IIHS Responds to General Motors Request to Waive Safety RequirementsJune 24, 2019
General Motors (GM) sent a petition to the National Highway Traffic Safety Administration (NHTSA), requesting that the agency waive certain safety requirements so that they could deploy a fleet of driverless cars that will be used for ridesharing. The petition argues that close to 95 percent of car accidents are caused by human error and that automatic driving systems (ADS) would essentially eliminate human error. However, the Insurance Institute for Highway Safety (IIHS) executive vice president and chief research officer said that GM should not be exempt from certain safety requirements, simply so they can deploy the vehicles sooner.
The petition that GM sent to the NHTSA requested a temporary exemption so that they could deploy their fourth generation Cruise AV vehicles that are not equipped with traditional vehicle controls, including a steering wheel, pedals, and mirrors. GM is seeking these exemptions to advance safety and low-emission technology. The CEO of Cruise Automation said that while a car without a steering wheel is not going to have a steering wheel airbag, GM can meet the safety standards in new and different ways. For example, they can install a side airbag that meets the safety standard of the steering wheel airbag.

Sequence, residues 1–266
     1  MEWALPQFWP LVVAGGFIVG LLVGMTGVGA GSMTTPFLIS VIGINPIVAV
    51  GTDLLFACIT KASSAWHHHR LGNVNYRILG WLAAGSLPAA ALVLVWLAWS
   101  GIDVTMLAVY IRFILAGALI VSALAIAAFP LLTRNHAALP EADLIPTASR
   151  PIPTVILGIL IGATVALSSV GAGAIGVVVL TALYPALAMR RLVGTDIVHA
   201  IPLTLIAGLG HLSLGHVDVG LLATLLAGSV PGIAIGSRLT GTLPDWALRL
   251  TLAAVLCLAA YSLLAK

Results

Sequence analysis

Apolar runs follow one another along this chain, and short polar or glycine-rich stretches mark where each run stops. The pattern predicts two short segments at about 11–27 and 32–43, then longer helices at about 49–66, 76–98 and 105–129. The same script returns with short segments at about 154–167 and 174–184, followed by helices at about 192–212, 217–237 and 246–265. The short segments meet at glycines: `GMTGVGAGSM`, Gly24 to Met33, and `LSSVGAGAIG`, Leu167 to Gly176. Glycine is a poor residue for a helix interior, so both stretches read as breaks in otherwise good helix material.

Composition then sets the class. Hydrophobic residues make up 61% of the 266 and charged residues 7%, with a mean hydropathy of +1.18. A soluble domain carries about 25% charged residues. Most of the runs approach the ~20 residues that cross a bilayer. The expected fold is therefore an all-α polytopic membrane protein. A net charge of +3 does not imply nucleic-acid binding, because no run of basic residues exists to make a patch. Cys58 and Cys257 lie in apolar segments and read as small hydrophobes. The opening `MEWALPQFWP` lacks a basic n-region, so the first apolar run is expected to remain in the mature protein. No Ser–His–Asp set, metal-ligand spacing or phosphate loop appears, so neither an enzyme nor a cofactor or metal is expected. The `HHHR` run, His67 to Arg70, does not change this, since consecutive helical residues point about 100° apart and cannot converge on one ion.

Should Self-Driving Car Technology Replace Human Drivers?
However, comments do not fully address the significance of the exemption, which is that GM plans to manufacture a vehicle in which human occupants will not have access to the controls. That is because the ADS replaces the human driver, so there is no need for features like steering wheels, brake pedals, accelerator pedals, and rearview mirrors that require human interface.
The more important issue that should be reviewed in the petition is whether we should completely prevent human intervention by removing all traditional manual controls from the vehicle. GM makes the argument that human error is responsible for most car accidents, and by replacing human drivers, ADS eliminates human error. GM also gave the following two reasons as to why they should be exempt from certain safety regulations, including:
- It would facilitate the development of a new motor vehicle safety feature, thereby providing a level of safety similar to the Federal Motor Vehicle Safety Standards.
- It would facilitate the development of a low-emission vehicle without compromising the safety performance of the vehicle.
IIHS reportedly objected to GM’s specific request to be exempt from needing high beams because cameras used for certain GM functions depend on light. It was also stated that GM’s vehicles should be designed so that all passengers be belted before the trip begins.
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